Sometimes a nodule, inflammation, or swelling affects only half of the thyroid gland. When this happens only one of the two lobes is removed. The part left behind should retain some or all of its function.
A subtotal thyroidectomy removes the thyroid gland but leaves behind a small amount of thyroid tissue. It is done to preserve at least some thyroid function, but many individuals who have had this surgery develop hypothyroidism, a condition that occurs when the thyroid doesn’t produce enough hormone.
A total thyroidectomy removes all of the thyroid and the thyroid tissue. This surgery is appropriate when nodules, swelling, or inflammation affect the entire thyroid gland or in cases where cancer has been diagnosed.
Thyroid surgery is performed in a hospital. You will arrive on the day of the procedure. It is important that you not eat or drink anything after midnight on the day of your surgery.
When you arrive at the hospital, you will check in and be taken back to a preparation area. There you will remove your clothes and put on a hospital gown. A nurse will insert an IV in your wrist or your arm so that you can receive fluids and medication during and after surgery.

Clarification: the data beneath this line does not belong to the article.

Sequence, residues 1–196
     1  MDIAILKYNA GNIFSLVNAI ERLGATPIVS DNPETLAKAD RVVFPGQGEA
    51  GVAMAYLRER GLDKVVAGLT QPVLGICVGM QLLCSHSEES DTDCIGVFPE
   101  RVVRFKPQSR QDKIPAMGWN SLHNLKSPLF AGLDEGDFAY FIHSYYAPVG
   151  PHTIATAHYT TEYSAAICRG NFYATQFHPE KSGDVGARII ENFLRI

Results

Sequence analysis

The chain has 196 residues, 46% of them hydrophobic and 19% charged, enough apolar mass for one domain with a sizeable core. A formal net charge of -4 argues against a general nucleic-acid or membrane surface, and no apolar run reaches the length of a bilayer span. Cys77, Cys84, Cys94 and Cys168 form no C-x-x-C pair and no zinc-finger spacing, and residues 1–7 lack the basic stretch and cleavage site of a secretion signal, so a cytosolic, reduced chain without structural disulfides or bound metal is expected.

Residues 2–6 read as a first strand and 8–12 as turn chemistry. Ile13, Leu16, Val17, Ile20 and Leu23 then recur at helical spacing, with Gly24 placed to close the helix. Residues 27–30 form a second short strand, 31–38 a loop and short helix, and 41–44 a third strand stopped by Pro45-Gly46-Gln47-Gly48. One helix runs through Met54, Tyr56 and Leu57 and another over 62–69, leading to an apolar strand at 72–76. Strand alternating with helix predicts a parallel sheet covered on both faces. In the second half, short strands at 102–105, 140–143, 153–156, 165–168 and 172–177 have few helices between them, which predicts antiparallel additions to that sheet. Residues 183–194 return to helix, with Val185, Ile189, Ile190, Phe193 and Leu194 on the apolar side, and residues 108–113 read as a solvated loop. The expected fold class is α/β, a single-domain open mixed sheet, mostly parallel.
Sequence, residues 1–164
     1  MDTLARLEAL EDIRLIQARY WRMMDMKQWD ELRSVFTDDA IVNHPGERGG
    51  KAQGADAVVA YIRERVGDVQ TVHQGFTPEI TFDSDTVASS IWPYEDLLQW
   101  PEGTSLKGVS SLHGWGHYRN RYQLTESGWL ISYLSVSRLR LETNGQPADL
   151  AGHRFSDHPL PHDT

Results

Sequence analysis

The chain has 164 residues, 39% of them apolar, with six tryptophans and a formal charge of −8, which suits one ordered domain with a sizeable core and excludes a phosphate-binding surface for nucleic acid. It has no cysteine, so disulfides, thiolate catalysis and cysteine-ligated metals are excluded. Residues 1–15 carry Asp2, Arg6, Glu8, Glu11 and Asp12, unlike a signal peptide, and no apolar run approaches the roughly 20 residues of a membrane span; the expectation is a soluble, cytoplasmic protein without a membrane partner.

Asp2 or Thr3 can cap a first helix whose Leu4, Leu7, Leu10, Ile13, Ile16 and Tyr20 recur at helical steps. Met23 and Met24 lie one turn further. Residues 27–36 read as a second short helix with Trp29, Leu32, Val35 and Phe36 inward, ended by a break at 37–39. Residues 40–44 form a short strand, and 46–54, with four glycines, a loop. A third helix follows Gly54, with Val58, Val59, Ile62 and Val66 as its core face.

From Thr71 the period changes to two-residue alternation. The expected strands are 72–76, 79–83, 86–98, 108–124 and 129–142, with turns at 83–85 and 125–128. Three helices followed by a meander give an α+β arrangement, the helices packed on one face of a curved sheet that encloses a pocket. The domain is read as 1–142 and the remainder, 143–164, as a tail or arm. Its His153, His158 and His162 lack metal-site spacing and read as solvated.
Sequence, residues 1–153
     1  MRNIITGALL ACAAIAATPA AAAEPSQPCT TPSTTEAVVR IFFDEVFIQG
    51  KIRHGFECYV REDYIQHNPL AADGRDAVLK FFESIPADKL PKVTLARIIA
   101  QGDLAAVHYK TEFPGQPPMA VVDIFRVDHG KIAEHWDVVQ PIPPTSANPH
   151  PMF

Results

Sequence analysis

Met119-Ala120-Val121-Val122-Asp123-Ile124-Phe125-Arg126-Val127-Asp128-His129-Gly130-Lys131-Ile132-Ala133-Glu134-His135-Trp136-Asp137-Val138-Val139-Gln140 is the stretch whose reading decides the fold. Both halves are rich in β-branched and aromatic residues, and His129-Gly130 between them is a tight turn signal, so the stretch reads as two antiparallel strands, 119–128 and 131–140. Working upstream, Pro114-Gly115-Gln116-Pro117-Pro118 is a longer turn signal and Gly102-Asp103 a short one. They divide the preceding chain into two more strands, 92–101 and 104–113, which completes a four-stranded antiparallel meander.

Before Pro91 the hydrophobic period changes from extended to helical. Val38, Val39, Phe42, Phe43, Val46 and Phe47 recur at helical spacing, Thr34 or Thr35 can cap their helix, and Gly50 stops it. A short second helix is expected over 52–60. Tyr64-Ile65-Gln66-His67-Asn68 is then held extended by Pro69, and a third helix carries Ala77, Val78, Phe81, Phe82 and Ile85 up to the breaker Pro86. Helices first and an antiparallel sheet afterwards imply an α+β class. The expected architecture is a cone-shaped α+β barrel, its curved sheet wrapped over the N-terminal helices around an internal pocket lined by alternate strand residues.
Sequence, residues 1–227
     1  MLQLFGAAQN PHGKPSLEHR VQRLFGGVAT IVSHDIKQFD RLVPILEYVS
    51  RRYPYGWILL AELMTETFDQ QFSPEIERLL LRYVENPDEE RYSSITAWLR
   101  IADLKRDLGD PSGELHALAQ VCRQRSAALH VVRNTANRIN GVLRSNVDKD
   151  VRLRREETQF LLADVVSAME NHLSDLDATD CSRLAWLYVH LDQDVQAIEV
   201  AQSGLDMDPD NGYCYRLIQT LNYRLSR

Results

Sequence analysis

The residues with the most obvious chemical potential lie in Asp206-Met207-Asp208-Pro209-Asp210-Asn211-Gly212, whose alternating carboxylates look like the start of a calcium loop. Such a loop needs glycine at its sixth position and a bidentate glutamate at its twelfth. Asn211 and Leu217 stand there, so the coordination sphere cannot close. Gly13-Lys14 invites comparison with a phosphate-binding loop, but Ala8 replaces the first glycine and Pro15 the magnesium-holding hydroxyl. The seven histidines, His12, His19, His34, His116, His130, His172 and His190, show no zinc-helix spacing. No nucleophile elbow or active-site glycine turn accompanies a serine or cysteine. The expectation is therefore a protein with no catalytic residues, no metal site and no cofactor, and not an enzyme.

Before surgery, you will meet with your surgeon who will do a quick examination and answer any questions you may have about the procedure. You will also meet with the anesthesiologist who will be administering the medicine that makes you sleep throughout the procedure.
When it is time for the surgery, you will be wheeled into the operating room on a gurney. The anesthesiologist will inject medicine into your IV. The medicine may feel cold or sting a little as it enters your body, but it will quickly put you into a deep sleep.
The surgeon will make an incision over the thyroid gland and carefully removes all or part of the gland. Because the thyroid is small and is surrounded by nerves and glands, the procedure may take two to three hours or more.